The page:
Updated on June 13, 2017
We’ve all read the headlines that sitting is the new smoking, and scoliotics (anyone with back pain, really) know the unique challenges that come with sitting for too long (which is why I’m trying to write shorter blog entries).
However, as someone who works via telecommute for her full-time job, on top of attempting to write regularly for this blog, I know that sitting in front of a computer comes with the territory.
But I wondered: Is there a healthier way to do this? After reading Katy Bowman’s book, “Don’t Just Sit There: Transitioning to a Standing and Dynamic Work Station for Whole Body Health,” I realized I could do something about the way I sit.
Bowman recommends desks (“dynamic work stations”) that allow for more varied movement while working. Think about it: A traditional desk keeps you still for 6-8+ hours a day, elbows at 90 degrees, neck frozen in place to keep you looking straight ahead, hips and knees locked at 90 degree angles in your chair, your feet entrapped inside constricting shoes, wrists resting (immobile) on a hard desk, with the only movement going on for hours at a time is your fingertips, tapping furiously at a keyboard.
With so little movement throughout our day, is it any wonder that our muscles get sore and atrophy over time?
Bowman’s own “dynamic work station” allows for some great, varied movement—you can see a video below of her using it at work. It’s important to note that Bowman is a prolific writer who, at the time of this writing, has authored six books, so she is no stranger to the demands of a desk job.
Unfortunately for me, I do not have a laptop—that’s an expense I’m working toward being able to afford, because it would open up so many more movement opportunities during my work day—so for now, I realized the best I can do is “dynamic-ize” (there’s got to be a real verb for that) my sitting. Enter my “floor sitting desk” project!
A Humble Little Table Gets a Makeover
After scouring Craigslist for weeks to find a simple table with wooden legs I could chop down so I could comfortably sit on the ground and type on my keyboard, one morning my husband and I walked out to our car, and I noticed a simple table sitting out on the curbside, and I basically lost it in excitement. My poor, beloved, patient husband watched me freak out over a table, and then sweetly helped me carry it inside while I gushed about all the weird, holistic, “natural movement-y” things I planned to do with it.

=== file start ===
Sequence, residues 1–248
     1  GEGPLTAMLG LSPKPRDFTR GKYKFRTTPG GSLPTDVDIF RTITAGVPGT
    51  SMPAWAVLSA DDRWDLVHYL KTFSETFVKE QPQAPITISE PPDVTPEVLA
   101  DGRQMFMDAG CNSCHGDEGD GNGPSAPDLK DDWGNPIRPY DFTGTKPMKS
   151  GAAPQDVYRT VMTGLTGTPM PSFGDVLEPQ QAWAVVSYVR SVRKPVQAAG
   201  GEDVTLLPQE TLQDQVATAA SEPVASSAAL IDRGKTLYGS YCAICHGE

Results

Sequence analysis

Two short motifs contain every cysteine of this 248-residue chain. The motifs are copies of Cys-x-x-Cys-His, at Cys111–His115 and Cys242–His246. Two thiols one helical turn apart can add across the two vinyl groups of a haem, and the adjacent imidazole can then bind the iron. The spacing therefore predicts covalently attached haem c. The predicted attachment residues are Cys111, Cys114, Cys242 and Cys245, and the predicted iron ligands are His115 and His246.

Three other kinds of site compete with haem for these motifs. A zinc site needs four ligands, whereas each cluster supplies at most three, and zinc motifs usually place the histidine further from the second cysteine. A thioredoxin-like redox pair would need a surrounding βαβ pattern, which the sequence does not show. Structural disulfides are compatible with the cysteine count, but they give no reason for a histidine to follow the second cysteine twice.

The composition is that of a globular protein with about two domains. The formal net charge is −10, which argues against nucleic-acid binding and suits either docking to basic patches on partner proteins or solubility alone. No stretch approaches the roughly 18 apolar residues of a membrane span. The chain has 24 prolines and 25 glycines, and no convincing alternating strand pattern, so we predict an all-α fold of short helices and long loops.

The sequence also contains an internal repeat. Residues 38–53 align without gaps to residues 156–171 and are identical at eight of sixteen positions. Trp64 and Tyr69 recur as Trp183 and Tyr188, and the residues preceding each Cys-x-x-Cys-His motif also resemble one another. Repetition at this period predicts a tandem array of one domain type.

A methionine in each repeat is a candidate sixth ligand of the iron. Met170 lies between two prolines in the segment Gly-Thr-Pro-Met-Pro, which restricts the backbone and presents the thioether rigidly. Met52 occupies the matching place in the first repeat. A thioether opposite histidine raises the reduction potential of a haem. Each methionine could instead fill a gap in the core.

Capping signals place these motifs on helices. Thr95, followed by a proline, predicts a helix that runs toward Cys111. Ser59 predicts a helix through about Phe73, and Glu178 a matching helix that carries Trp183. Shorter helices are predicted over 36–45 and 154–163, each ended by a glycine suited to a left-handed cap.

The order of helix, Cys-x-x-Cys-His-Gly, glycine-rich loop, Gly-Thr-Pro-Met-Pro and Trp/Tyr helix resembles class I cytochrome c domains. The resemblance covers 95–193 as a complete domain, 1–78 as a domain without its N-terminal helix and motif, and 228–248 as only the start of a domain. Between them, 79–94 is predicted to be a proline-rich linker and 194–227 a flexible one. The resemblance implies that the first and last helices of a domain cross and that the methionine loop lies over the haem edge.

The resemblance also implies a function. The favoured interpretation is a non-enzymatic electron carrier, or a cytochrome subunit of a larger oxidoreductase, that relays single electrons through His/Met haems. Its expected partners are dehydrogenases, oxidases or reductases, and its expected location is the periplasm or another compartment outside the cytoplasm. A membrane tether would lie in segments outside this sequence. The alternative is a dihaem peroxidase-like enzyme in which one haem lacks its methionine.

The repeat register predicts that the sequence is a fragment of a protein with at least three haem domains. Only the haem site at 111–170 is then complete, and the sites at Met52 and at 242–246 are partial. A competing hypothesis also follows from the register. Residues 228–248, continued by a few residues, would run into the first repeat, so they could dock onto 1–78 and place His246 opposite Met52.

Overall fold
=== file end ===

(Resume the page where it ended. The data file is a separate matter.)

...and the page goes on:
This man is a saint, y’all :).
The Project Begins
First, I measured how short the legs would have to be cut down. I wanted to make sure that my wrists could rest at a 90 degree angle while I typed at my keyboard, and I also wanted to ensure that I could stretch out my legs and feet comfortably underneath the table. For me, that measurement came out to just over 9.5″.
Then, I rented a miter saw from Home Depot and used it there in the parking lot to cut down the legs. (And ultimately, the guy working there didn’t charge me anything, since it was such a small, easy project. Thank you, Home Depot guy!)
Since the legs were really gross, I covered the legs in Annie Sloan Chalk Paint in Old White, which I had left over from a previous project.
Next came the really fun part. I knew I wanted to refinish the tabletop, but I’ve never refinished anything before, and I was also loathe to spend too much money on stain. I looked up DIY recipes for stain, and discovered a really cool way to make a cheap, non-toxic stain out of black tea, apple cider vinegar, and steel wool. You can find that recipe here.
Step 1: Sanding
It’s important to note here how important an even sanding job will be for your end look. Since I’ve never sanded or stained anything before, I really wasn’t careful enough about doing an even sanding job, so the end result of my table is really uneven, as you will see. Though personally, I wound up liking the end look—it’s full of character :).
Step 2: Making the Stain
Again, you can find the recipe to make this same stain here (but do note that I hit my tabletop with TWO coats of black tea, and results may vary, anyway).
After allow the stain to dry and fully soak in for about a week, then reattaching the legs, this was the end result:
I wasn’t quite finished yet, however!
Step 3: Applying the Sealant
Again, I wanted to use something nontoxic, so I found this cheap, super-easy recipe for a olive oil + beeswax sealant from Everyday Roots.
After applying the sealant, I allowed it to soak in for about 30 minutes, then wiped down the tabletop numerous times with a dry cloth, until it no longer felt “oily.” I didn’t want to worry if oils would seep through any paper I put on my desk!
The sealant made a HUGE difference in the colors, don’t you think?
Step 4: Final Look and Setup
Finally, I was ready to move my new “ground sitting desk” into my office and get set up!
I LOVE my new desk! I’ve noticed an improvement on my back health, I think largely because my tailbone isn’t tucked under me all day. I also don’t feel as fatigued by the end of the day, although certainly at first my muscles have been slightly sore, since I’m calling on my core muscles to support me and keep me upright—muscles that have, until this point, offloaded their responsibilities of keeping me upright to my high-backed chair ;).
On top of Bowman’s book, Pete Egoscue has also written a book titled, “Pain-Free at Your PC,” which I’ve heard is fantastic, but have yet to buy (I’m still working through “Pain-Free: A Revolutionary Method for Stopping Chronic Pain” and “The Egoscue Method of Health Through Motion,” both of which I can heartily recommend).
I’ve got several other projects like this I’m planning, so stay tuned for future updates! And if you have any questions about this new project, feel free to leave me a comment below. I love hearing from you!